Graham's characteristic experimentation can be seen in the physicality of the dancers, and in the way her trainees develop both her technique and their own style. Martha always had in her company a wide range of styles. She could work [with] a wide range of styles, techniques, and abilities, and she liked to see her work on different bodies. Unlike other companies where there's an ideal look and everybody looks that way, Martha always had a huge range of people. That's a heritage, but then you have to recreate it, bring it back to life in a different way.
2. Graham's dancing and choreography exposed the depths of human emotion through movements that were sharp angular, jagged, and direct. Graham also she a performance of Ruth Saint-Denis that inspired her so much she decided to become a dancer.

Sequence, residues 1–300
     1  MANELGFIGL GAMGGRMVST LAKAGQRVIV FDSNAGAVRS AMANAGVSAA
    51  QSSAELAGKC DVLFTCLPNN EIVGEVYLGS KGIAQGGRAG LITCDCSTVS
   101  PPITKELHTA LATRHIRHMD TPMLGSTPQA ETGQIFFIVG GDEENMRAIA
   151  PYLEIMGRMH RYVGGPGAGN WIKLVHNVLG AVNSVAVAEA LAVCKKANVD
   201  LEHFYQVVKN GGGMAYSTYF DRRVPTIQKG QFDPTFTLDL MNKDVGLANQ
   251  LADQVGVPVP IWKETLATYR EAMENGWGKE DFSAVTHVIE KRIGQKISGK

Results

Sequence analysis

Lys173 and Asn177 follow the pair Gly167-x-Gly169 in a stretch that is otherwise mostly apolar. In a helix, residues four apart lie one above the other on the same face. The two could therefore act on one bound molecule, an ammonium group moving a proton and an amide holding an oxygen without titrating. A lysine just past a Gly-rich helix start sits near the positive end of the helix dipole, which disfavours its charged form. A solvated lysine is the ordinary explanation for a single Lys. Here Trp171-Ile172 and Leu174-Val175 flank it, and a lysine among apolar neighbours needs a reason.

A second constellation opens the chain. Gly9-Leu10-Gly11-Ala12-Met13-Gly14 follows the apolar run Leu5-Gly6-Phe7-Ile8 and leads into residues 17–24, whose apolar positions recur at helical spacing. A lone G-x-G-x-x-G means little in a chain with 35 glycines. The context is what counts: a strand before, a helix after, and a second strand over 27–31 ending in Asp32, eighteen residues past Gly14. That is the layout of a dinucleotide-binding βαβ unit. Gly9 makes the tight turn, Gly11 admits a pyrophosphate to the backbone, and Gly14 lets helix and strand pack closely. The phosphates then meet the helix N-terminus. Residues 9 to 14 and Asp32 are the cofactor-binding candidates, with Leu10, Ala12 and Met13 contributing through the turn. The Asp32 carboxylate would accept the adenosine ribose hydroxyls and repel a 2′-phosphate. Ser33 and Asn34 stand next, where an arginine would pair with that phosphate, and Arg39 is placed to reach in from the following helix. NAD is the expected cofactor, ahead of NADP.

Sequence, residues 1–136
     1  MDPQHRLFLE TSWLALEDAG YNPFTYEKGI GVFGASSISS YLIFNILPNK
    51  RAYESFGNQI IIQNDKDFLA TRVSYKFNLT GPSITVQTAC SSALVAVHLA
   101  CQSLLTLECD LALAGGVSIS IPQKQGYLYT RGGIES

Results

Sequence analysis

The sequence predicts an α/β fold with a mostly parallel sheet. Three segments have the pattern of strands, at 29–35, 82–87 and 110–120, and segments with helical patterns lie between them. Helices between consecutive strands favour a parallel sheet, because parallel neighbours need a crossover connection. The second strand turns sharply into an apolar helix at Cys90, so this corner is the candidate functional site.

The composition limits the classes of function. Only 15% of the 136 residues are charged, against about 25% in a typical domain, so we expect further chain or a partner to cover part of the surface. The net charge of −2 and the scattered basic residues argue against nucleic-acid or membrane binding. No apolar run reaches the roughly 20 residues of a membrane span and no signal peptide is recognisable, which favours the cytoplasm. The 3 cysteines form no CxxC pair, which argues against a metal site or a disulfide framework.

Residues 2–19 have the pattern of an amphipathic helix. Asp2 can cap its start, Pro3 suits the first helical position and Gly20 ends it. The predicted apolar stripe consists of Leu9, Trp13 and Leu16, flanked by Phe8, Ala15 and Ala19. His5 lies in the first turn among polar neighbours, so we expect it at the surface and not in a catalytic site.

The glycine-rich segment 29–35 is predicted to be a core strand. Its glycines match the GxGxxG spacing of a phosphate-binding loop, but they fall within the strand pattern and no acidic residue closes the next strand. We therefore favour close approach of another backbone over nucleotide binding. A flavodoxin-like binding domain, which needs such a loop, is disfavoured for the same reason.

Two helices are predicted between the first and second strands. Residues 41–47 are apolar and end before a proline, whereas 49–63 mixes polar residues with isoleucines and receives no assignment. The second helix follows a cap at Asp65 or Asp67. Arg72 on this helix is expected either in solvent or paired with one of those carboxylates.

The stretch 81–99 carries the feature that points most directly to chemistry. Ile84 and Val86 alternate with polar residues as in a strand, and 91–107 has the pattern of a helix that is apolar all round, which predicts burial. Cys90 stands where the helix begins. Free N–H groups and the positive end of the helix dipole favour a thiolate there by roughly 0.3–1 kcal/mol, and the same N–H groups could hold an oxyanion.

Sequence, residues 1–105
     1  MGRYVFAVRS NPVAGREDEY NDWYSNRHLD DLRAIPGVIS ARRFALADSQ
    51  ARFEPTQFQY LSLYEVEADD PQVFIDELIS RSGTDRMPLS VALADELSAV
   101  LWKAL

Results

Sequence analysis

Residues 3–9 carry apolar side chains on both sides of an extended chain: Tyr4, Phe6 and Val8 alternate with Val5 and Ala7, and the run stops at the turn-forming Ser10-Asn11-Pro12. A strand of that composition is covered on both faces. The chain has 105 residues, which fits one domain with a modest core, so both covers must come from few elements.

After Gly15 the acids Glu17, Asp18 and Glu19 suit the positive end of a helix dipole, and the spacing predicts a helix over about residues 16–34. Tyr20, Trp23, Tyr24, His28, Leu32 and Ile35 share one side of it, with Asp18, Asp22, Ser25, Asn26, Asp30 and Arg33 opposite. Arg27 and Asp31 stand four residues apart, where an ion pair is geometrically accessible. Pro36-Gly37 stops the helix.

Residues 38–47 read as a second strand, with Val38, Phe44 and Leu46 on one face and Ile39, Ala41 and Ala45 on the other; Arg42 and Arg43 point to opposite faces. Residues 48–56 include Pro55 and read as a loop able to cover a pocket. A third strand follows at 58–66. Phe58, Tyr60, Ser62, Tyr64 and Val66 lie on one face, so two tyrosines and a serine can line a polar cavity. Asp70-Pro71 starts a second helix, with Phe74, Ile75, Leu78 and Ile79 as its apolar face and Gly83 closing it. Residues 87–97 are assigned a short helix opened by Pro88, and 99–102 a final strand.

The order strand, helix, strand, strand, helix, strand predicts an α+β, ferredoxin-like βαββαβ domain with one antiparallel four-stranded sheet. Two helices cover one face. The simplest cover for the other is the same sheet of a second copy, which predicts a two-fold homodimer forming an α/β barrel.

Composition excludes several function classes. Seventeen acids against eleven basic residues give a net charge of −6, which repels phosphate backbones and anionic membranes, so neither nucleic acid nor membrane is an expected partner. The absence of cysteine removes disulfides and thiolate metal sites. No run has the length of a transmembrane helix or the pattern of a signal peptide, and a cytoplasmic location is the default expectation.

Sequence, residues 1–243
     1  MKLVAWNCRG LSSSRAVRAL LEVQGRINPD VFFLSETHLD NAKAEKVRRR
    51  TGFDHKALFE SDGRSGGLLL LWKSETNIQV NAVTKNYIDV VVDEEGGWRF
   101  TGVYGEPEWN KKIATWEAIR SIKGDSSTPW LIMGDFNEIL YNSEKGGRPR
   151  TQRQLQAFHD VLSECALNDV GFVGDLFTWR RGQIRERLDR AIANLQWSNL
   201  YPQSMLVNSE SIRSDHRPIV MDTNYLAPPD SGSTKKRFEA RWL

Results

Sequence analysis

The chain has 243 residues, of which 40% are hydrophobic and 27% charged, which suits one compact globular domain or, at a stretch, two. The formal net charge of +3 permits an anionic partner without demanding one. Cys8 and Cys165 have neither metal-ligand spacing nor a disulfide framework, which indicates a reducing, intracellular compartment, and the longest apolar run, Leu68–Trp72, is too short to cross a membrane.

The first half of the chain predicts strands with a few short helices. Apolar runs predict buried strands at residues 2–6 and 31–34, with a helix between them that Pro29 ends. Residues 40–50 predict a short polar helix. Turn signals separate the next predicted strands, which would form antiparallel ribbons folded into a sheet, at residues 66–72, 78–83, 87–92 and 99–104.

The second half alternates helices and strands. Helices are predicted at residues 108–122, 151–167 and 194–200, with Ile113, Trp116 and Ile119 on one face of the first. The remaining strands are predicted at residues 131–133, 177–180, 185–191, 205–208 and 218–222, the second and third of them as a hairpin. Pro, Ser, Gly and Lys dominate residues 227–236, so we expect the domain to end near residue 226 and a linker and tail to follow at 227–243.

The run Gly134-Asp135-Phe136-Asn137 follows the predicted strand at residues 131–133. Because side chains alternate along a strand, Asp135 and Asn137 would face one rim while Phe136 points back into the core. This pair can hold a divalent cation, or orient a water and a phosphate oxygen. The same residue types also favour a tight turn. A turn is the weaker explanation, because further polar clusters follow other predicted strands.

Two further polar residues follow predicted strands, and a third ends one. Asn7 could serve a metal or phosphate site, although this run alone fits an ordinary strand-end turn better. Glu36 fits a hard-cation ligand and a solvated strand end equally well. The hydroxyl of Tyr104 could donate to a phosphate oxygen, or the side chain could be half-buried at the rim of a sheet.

3. Martha Graham treated male and female dancers very differently to traditional ballet, where the male dancers often did not perform in a masculine way. Whereas Graham knew how women could dance, she did not know how it felt to be a male. Graham wrote, ""I have done those things only that I could feel and understand, not in a verbal sense, perhaps, but in my medium, my instrument, my body." That is, she could not choreograph the male movements because she could not feel them. Therefore, Graham asked her male dancers to create their own moves.
4. Martha Graham collaborated with various artists, musicians and dancers who became her companions and inspirations. Martha Graham ballets were inspired by a wide variety of sources, including modern painting, the American frontier, religious ceremonies of Native Americans, and Greek mythology. Many of her most important roles portray great women of history and mythology: Clytemnestra, Jocasta, Medea, Phaedra, Joan of Arc, and Emily Dickinson.
5. A Self-made person is most of the time when someone is admired in America, it's because the person has gone "from rags to riches" or has become an "overnight sensation.